metronome

noun
met·​ro·​nome | \ ˈme-trə-ˌnōm How to pronounce metronome (audio) \

Definition of metronome

: a device designed to mark exact time by a regularly repeated tick

Illustration of metronome

Illustration of metronome

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Did You Know?

The patent for the metronome was entered in 1816: "John Malzl [sic], of Poland-street, Middlesex, Machinist; for an instrument . . . which he denominates a Metronome, or musical time-keeper." The courts, however, later proved that the aforementioned Johann Maelzel copied a pendulum design of Dietrich Winkel, making Winkel the actual inventor. Nonetheless, Maelzel was the more successful marketer of the metronome and even has a notation named after him. The "M.M." in notations like "M.M. = 60" stands for "Maelzel's metronome" and indicates a tempo of 60 beats per minute or a beat per tick of the metronome as it ticks 60 times, in the case of our example. The name of the invention itself is based on the Greek words metron, meaning "measure," and nomos, meaning "law."

Examples of metronome in a Sentence

Recent Examples on the Web Overall, the team’s steady march through the past week-plus is a reflection of a rotation whose performance has served as a metronome. BostonGlobe.com, "Red Sox turnaround from calamitous 2020 revolves around the rotation," 13 Apr. 2021 For years, the supply chain kept the heart of the nation’s economy beating with the precision and efficiency of a metronome. Mike Feibus, USA TODAY, "Intel hopes to save the chip industry, one competitor at a time," 29 Mar. 2021 Cases and deaths have been ticking upward for weeks, as regular in their climb as a metronome. Elizabeth Cooney, STAT, "With a meteoric rise in deaths, talk of waves is misguided, say Covid-19 modelers," 12 Nov. 2020 Corey Seager, the finally healthy metronome that fueled the offense all October and became World Series MVP, found Kiké Hernández, his middle infield partner, for a hug. Los Angeles Times, "The road to a Dodgers World Series title was one never before traveled," 2 Nov. 2020 His head rolls on the pillow, with intention and control, from side to side, each ear touching down like the taps of a metronome. David Aloi, New York Times, "I Learned This Stress-Management Trick When I Was 3," 22 Oct. 2020 In a study published in 2009 in Social Cognition, participants tapped their fingers in rhythm with a metronome and in some instances were joined by an experimenter who drummed either to the same beat or to a different one. Marta Zaraska, Scientific American, "Moving in Sync Creates Surprising Social Bonds among People," 1 Oct. 2020 Onstage at Orchestra Hall, Michael Gast lifted his French horn and, as a metronome clicked, played a scale loudly. Jeremy Olson, Star Tribune, "University of Minnesota, orchestra study aerosols from instruments," 17 Oct. 2020 There is comfort in the ageless metronome of the seasons. Ernie Cowan, San Diego Union-Tribune, "Brightly-colored orioles showing signs that their annual journey south is happening," 20 Aug. 2020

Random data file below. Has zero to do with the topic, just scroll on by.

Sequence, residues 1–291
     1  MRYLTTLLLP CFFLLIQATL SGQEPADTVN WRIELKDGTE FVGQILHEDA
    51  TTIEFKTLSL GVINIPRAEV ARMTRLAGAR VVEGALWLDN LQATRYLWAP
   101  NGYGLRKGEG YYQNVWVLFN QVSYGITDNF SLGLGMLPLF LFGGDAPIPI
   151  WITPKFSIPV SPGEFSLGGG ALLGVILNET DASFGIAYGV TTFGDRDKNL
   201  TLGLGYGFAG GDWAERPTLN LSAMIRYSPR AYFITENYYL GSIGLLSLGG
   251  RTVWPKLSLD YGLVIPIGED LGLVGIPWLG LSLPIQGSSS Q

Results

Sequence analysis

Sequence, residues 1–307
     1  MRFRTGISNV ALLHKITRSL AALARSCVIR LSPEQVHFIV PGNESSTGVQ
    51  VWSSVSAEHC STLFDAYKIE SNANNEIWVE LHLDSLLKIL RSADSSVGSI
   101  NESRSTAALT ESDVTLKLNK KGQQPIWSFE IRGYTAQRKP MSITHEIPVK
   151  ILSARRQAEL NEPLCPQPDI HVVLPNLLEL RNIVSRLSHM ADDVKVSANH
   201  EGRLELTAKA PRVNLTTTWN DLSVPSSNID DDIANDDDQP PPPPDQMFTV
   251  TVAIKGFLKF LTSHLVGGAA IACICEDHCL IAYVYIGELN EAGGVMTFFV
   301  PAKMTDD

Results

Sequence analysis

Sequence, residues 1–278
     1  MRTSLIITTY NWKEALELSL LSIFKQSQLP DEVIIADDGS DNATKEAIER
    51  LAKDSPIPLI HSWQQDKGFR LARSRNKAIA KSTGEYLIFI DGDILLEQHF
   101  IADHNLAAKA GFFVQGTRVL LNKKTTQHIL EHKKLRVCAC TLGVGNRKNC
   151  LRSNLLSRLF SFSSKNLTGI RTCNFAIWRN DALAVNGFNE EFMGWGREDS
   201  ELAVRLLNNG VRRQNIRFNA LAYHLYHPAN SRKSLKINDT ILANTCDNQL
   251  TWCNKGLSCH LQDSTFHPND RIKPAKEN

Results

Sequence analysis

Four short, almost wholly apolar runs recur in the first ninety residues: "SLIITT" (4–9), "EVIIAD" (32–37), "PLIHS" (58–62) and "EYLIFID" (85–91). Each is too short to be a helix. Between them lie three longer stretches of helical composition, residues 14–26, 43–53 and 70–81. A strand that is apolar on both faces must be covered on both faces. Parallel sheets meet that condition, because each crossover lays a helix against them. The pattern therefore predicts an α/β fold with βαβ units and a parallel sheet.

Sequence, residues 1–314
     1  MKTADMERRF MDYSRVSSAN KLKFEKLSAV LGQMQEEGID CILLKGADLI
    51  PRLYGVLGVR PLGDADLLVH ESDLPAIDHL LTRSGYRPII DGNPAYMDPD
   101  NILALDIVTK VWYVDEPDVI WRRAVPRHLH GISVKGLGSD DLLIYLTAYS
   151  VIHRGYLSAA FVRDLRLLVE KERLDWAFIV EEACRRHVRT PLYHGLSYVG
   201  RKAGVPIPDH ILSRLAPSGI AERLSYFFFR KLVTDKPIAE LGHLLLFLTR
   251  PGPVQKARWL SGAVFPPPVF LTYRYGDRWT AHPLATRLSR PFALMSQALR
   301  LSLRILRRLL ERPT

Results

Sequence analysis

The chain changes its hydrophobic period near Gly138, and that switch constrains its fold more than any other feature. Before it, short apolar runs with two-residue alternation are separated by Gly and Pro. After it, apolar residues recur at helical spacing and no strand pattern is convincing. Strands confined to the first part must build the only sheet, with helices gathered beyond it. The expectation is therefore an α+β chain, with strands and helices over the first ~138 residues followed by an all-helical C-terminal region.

These example sentences are selected automatically from various online news sources to reflect current usage of the word 'metronome.' Views expressed in the examples do not represent the opinion of Merriam-Webster or its editors. Send us feedback.

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First Known Use of metronome

1816, in the meaning defined above

History and Etymology for metronome

Greek metron + -nomos controlling, from nomos law — more at nimble

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Time Traveler for metronome

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The first known use of metronome was in 1816

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Last Updated

25 Apr 2021

Cite this Entry

“Metronome.” Merriam-Webster.com Dictionary, Merriam-Webster, https://www.merriam-webster.com/dictionary/metronome. Accessed 6 May. 2021.

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More Definitions for metronome

metronome

noun

English Language Learners Definition of metronome

: a device that makes a regular, repeated sound to show a musician how fast a piece of music should be played

metronome

noun
met·​ro·​nome | \ ˈme-trə-ˌnōm How to pronounce metronome (audio) \

Kids Definition of metronome

: a device that ticks in a regular pattern to help a musician play a piece of music at the proper speed

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More from Merriam-Webster on metronome

Nglish: Translation of metronome for Spanish Speakers

Britannica English: Translation of metronome for Arabic Speakers

Britannica.com: Encyclopedia article about metronome

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